November 2009
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Tips for motion photography, learn about panning (contd..)

Tip 406 (What is panning): Panning is the art of trying to capture the motion of a moving object by moving your camera along with the subject, and if done well, leads to an effect where the subject of the photo remains in focus. The rest of the photo remains in blur, this leads to an effect where it seems that the subject is in motion.

Tip 407 (Panning does not work the first time): Panning is not very difficult, but you can be almost guaranteed that it takes some time to learn and get right. Unfortunately, a photo in which panning has not worked does not look good. However, be patient and learn more techniques for panning and keep on experimenting.

Tip 408 (Panning in brief): Panning works for a wide variety of moving objects, such as wildlife, as well as man made objects such as cars, cycles, etc. You use a slower shutter speed that is less than that for normally shooting moving objects, track the moving object along with your camera, release the shutter once the subject is where you want it, and then release once the subject is out of the field.

Tip 409 (Cameras with shutter lag and auto focus): Shutter lag is less of a problem nowadays, but can still appear with many cameras. Shutter lag means that the shutter opens sometime after you have pressed the shutter, which means that the shot is not taken when you have intended. For panning purposes, this means that you need to anticipate for the shutter lag, which makes it slightly more complicated. Once you have a fair idea of shutter lag, you should be able to anticipate.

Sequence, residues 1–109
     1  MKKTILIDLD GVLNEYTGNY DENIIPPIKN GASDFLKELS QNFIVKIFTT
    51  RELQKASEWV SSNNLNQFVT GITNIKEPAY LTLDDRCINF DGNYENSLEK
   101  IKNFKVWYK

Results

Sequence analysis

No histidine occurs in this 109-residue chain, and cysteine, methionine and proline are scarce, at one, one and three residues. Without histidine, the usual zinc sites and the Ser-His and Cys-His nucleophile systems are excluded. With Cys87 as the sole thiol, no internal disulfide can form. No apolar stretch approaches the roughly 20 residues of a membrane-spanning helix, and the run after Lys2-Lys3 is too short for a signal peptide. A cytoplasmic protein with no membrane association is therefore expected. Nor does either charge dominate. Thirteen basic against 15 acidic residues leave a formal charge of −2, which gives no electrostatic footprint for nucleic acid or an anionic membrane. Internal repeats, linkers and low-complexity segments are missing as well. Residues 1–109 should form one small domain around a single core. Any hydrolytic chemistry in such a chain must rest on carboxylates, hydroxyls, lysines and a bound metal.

Tip 410 (Auto focus and panning): One of the problems in panning is if your camera is not quick to auto adjust its focus. If it takes time to adjust the focus, plan in advance so that you can set your focus to the spot where the subject is likely to be when you shoot.

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Capturing Time & Motion: The Dynamic Language of Digital Photography (A Lark Photography Book)

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